The difference between and baby and a puppy.

Here's our dog, Bella, as a puppy!

Submerging babies beneath the water has been the norm for years now. It's been sold to us parents as the way to get a child swimming, and it's standard practice - many baby swimming teachers wouldn't dream of teaching a class without at least one conditioned submersion. And it's fair to say that submersions really don't put every baby off - even if your baby has been frightened by submersions in the past, a few terms of less high-pressure classes can usually help them with any worries they have built up.

When I was initially trained as a parent and child teacher, I was taught to show parents how to submerge their child, but it never felt right. The thing I could never get on board with was the underlying psychology. Parents are taught to give their child a verbal cue before putting them beneath the water - so you are essentially training the baby to associate the command with the action of being submerged. This is called conditioning - you're creating a learned association. When we train a puppy to sit, or do a trick, we are pretty much doing the same thing - linking a command and an action. But babies are far more intelligent than puppies, as we well know!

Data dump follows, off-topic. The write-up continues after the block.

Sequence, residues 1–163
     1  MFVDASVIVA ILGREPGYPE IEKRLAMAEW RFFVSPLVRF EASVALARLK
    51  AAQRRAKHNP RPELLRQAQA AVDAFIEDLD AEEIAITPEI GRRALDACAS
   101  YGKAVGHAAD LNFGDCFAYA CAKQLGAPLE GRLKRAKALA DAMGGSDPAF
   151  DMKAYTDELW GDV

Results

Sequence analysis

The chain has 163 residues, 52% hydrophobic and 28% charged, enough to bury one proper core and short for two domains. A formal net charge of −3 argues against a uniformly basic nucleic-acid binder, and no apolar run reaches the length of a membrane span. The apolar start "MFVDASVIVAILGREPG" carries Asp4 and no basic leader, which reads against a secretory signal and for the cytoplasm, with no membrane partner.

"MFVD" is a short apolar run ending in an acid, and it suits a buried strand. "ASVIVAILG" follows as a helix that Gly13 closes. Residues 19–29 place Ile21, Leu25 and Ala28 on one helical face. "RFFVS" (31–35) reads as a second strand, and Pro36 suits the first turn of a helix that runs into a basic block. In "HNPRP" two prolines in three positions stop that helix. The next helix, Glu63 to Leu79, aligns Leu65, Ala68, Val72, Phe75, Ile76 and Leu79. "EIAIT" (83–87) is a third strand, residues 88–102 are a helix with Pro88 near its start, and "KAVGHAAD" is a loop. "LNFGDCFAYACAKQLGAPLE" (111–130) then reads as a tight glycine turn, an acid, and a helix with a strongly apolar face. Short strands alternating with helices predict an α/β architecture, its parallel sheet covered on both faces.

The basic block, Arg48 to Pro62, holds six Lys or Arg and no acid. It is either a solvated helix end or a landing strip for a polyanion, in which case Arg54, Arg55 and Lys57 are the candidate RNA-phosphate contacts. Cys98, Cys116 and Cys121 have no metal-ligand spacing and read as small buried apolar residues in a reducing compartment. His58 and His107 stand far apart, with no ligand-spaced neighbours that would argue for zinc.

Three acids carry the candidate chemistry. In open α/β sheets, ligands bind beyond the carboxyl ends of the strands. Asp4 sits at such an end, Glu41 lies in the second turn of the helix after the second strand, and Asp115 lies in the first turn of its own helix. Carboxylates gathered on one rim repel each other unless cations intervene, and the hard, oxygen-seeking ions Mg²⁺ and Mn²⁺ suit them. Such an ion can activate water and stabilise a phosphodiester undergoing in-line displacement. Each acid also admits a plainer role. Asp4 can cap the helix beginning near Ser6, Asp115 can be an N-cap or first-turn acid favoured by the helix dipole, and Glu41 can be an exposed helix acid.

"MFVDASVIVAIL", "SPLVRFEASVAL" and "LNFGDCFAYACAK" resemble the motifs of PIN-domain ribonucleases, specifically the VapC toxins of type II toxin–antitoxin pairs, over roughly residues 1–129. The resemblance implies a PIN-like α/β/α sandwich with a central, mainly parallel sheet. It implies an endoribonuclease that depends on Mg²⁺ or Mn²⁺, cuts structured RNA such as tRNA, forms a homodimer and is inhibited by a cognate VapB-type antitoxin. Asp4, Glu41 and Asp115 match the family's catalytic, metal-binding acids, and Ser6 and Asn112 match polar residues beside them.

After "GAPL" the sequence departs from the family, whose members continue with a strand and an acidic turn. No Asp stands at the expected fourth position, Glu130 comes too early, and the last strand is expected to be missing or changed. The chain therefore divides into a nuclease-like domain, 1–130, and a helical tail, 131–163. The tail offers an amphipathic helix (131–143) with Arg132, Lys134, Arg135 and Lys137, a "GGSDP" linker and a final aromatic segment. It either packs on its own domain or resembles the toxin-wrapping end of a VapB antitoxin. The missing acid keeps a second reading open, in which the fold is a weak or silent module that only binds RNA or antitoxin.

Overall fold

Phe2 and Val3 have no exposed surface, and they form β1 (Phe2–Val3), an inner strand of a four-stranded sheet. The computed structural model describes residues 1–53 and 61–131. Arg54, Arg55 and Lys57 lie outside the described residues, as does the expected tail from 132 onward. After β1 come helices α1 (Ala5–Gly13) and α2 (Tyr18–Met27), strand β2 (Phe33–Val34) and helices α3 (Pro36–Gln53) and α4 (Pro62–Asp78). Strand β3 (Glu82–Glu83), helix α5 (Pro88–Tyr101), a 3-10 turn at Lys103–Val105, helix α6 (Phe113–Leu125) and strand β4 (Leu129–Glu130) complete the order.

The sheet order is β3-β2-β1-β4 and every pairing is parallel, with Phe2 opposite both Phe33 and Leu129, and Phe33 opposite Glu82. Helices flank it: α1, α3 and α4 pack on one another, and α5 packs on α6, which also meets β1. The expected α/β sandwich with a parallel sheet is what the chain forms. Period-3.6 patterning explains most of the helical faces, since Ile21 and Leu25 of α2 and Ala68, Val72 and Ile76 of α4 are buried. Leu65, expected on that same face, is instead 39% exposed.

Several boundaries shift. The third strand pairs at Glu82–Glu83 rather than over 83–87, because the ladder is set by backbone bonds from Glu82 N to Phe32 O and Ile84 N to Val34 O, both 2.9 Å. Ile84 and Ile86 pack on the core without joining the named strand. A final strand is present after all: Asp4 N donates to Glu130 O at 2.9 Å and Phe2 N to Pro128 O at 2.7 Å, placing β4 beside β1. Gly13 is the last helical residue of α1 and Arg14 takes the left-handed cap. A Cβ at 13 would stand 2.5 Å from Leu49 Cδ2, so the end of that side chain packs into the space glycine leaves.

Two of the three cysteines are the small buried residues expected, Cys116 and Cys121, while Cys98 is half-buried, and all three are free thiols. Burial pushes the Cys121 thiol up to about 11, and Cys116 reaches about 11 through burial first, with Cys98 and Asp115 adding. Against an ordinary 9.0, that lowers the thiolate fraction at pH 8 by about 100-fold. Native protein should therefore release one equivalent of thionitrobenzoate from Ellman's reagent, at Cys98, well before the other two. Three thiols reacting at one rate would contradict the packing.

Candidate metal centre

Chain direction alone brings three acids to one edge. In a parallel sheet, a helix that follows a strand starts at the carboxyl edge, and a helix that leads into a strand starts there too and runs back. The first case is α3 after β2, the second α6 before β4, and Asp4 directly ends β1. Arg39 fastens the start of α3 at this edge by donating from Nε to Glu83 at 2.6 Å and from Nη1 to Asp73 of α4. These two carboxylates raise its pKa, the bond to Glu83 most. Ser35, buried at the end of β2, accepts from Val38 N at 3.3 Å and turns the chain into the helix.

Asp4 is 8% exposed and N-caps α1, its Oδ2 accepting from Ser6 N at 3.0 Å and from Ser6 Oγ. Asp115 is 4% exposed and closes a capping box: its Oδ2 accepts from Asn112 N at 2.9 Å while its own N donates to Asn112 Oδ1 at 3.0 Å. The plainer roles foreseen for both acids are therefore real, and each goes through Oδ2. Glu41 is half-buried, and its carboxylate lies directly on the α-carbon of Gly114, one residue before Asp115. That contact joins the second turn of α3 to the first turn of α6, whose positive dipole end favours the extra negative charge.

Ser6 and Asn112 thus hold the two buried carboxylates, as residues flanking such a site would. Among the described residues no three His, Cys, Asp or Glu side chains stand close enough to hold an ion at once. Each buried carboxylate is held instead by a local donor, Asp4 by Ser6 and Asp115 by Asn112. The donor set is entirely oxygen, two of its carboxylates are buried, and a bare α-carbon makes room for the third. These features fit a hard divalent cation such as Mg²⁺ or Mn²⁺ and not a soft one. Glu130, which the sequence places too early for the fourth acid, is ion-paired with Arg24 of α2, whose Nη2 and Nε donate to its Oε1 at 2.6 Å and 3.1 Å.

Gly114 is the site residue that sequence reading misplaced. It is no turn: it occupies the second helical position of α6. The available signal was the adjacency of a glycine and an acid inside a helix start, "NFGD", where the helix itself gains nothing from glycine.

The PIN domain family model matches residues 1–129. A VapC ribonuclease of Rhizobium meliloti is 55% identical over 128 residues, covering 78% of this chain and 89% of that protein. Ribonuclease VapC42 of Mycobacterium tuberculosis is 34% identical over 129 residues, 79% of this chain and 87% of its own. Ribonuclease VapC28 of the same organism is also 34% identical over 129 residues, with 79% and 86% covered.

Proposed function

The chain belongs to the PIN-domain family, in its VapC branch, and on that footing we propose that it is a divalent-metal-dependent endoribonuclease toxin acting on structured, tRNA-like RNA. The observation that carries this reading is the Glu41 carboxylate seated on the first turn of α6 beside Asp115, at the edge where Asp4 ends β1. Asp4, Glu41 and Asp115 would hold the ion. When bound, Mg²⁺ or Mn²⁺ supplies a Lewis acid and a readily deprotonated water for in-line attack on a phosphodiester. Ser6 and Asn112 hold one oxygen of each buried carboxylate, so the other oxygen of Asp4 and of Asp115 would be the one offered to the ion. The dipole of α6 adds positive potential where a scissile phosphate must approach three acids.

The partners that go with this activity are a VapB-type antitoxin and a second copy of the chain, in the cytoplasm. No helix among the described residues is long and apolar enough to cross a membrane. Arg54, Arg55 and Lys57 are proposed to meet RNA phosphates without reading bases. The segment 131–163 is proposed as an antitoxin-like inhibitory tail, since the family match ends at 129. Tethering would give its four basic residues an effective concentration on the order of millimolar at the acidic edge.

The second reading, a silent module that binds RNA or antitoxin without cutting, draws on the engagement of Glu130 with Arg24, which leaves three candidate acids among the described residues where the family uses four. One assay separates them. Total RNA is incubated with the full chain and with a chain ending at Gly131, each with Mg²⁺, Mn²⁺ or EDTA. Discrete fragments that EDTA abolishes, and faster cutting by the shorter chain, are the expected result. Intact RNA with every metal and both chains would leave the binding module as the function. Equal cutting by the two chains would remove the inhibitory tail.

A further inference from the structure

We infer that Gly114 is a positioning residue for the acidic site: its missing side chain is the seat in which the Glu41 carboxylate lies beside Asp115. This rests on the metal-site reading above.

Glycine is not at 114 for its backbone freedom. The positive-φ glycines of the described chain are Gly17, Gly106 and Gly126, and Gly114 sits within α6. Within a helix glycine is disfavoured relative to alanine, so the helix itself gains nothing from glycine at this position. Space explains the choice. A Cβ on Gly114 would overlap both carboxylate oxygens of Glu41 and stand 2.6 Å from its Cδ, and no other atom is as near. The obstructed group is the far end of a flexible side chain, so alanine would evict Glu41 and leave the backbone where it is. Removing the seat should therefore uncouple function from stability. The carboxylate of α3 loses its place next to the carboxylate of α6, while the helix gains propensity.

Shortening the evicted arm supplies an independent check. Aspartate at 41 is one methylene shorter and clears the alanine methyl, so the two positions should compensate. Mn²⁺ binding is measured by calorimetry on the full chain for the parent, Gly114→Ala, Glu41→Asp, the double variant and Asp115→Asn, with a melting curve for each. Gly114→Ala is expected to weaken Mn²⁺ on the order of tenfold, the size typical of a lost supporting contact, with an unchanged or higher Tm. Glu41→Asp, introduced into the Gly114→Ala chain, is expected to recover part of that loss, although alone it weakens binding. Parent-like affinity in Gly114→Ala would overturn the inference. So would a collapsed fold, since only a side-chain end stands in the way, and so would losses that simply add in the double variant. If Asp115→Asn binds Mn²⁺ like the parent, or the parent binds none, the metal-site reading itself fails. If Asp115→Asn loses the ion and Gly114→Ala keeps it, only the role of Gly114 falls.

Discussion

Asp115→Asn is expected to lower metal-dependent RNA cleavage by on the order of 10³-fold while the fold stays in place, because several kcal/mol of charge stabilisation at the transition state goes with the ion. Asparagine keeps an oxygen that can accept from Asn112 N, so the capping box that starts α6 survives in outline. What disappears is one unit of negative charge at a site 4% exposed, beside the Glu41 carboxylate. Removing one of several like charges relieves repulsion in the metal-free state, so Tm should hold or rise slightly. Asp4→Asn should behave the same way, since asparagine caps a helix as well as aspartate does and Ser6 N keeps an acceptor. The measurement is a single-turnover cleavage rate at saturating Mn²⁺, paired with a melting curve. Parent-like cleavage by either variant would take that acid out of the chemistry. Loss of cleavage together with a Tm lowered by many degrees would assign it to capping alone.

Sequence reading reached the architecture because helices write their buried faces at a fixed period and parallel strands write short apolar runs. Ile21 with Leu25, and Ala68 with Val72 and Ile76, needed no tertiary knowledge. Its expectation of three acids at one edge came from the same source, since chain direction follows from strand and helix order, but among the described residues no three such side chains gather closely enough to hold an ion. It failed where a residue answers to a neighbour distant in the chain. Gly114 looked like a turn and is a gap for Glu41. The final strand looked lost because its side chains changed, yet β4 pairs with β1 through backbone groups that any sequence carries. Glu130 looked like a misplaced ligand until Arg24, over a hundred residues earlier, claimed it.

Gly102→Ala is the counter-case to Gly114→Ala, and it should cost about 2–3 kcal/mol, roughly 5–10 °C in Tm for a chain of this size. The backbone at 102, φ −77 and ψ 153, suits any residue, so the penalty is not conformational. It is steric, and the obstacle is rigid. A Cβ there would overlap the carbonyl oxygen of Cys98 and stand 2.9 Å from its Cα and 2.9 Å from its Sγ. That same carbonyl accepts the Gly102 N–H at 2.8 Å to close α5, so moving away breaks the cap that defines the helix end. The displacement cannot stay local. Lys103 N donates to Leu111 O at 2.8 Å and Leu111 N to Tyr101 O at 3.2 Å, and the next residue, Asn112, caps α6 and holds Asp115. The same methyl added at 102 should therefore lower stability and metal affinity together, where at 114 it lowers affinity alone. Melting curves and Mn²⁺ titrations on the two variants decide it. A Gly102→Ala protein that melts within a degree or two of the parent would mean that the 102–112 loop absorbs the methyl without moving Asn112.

The instructor will tell you not to submerge the baby if they show signs of distress, but that can be open to interpretation - and if the parent or teacher are feeling under pressure, or if they see submersion as the only route to swimming, they are less likely to pick up on the baby's cues. Likewise, you are taught to expect one of a list of reactions from the baby - they might be frightened, or startled - or they might not mind a bit. But why should they be put in that position in the first place?

Babies are proper people from the word go - with thoughts and feelings and opinions. if we condition babies, are we really treating them with the respect they deserve?

There really is another way - you can teach your baby to swim without an adult putting them beneath the water once, and they end up as confident, strong little swimmers as a result. Babies don't need conditioning - and if they don't react well to going under water, the problem is with the teaching technique and the enforced submersion, not with the baby himself.

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